There is a very important tip for the traveler who finds himself in Lisbon — white wine, or vinho branco, is relatively free and poured indiscriminately to the tourist and local alike.
Consider that a good bottle of local wine in Lisbon, served ice cold, with bucket, on white tablecloth, and overlooking the Rio Tejas is about 8 euros. Compare that to a single glass of Barefoot Chardonnay, served from a bar gun, on red checkered plastic at TGI Fridays, and overlooking UFC on a wall-mounted TV, which is about the same price.
This is not so for things like bottled water or beer. A bottle of water may cost as much or more than wine.
Worse, the ban on discriminatory profiling in Lisbon is lifted for things like selling sun screen where a bottle of SPF 30 will cost about 20 euros, clearly taking advantage of the fact that no local Lisboan will need such an extravagance and thus allowing the pharmacia to gouge the tourist with a concealed level of plausible denial.
A quick Google search by the reader will find a local high ranking official recently quoted in a London newspaper,
“Hey, its not profiling! We pay the same price,” snicker. “That is, if we need it!”
Not finished, the Portuguese chemists and product marketeers seem to take some kind of twisted thrill in producing a white paste that will not absorb into the skin when applied. This is especially true for those of us with hair on our arms and legs which outside of the cycling and transgender communities represents the entirety of the US male population.
Rubbing this lotion into leg hair is like beating egg whites into meringue.
And so, even at 20€ and unwilling to shave, I kept trying. I tried a plastic bottle first. I looked like a geisha in the 50’s. I went to another store and bought a spray bottle, got it home and watched in dismay as the thick ooze came out like white silly string.
Undaunted, I tried again and got a brand for children (who would make fun of a child?) and in a metal pressurized can resembling the light aerosol spray we can buy. Nope, my legs and chest looked like a winter’s morning after 3 feet of snow the night before.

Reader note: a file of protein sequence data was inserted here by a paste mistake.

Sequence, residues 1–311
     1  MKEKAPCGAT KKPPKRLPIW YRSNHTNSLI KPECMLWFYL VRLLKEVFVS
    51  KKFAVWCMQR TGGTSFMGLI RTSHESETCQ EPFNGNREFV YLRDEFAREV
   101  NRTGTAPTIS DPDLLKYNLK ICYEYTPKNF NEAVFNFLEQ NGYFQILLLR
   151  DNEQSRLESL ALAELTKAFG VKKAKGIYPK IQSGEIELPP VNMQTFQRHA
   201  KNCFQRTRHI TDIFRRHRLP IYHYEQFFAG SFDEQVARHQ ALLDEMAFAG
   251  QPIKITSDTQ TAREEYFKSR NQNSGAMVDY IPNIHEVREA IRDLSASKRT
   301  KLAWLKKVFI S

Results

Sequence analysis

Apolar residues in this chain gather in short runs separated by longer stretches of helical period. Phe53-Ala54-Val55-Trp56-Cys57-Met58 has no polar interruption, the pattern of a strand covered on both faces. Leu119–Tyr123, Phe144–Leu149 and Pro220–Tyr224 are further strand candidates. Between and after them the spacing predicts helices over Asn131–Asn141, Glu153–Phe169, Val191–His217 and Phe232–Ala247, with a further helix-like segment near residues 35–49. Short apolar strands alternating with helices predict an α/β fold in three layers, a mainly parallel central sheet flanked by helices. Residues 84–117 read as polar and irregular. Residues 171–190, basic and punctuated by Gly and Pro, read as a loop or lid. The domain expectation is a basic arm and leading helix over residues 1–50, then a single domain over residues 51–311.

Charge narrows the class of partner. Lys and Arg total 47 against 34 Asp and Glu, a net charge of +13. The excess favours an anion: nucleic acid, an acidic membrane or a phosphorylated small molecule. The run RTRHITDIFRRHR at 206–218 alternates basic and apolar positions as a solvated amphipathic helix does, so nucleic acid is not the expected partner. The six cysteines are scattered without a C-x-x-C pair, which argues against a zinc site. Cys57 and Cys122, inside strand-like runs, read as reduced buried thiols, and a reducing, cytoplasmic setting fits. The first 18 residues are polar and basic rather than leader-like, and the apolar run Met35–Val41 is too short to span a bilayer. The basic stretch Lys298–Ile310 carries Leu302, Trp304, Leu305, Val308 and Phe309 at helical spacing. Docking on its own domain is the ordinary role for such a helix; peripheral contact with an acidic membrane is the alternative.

5 bottles and 120€ into it, I simply ran out of time and pharmacies in walking distance.
The next day we had planned to go to the beach again, and I was still debating on what was worse — getting laughed at for wearing a swimsuit by the nude sunbathing locals or being laughed at for a rear-end that has never seen the sunlight in its 50 years of existence and with white sandy goop all over it.
We solved the problem by opting for a different beach destination from the one previously. We were to go to Cascais by train and less than an hour away from Lisbon to the Atlantic on the same side of Rio Teja (or the Tegas.)
Ah, Cascais! According to sources including my cousin who lives there (I will introduce him along with Fado in another blog) Cascais is a beautiful, small cosmopolitan seaside town that is surrounded by popular beaches, such as Guincho Beach to the west and the lush Sintra mountains to the north that I’ve already described. This would the perfect day trip from Lisbon and I piled my 120€ of SPF 30, swimsuit, and towel into our bag for tomorrow’s journey!